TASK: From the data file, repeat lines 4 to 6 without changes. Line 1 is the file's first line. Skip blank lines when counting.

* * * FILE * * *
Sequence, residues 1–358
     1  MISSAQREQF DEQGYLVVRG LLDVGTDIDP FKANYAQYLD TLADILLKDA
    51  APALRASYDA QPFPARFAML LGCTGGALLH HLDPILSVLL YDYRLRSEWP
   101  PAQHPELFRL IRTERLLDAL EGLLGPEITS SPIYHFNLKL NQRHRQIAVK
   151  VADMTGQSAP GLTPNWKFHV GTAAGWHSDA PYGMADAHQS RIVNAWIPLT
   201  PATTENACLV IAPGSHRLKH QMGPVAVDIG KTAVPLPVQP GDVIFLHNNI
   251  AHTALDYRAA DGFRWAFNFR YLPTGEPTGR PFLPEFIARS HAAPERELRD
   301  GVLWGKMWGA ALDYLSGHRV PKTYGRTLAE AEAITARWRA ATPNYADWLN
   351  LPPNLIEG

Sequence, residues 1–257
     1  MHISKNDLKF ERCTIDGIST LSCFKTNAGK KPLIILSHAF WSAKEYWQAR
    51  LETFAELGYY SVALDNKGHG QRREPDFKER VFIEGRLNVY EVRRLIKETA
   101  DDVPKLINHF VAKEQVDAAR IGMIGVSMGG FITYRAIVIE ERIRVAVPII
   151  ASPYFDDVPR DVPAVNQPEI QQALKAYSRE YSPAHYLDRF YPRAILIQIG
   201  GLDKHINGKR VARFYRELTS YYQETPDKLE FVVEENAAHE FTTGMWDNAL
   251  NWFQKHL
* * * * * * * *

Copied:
   101  PAQHPELFRL IRTERLLDAL EGLLGPEITS SPIYHFNLKL NQRHRQIAVK
   151  VADMTGQSAP GLTPNWKFHV GTAAGWHSDA PYGMADAHQS RIVNAWIPLT
   201  PATTENACLV IAPGSHRLKH QMGPVAVDIG KTAVPLPVQP GDVIFLHNNI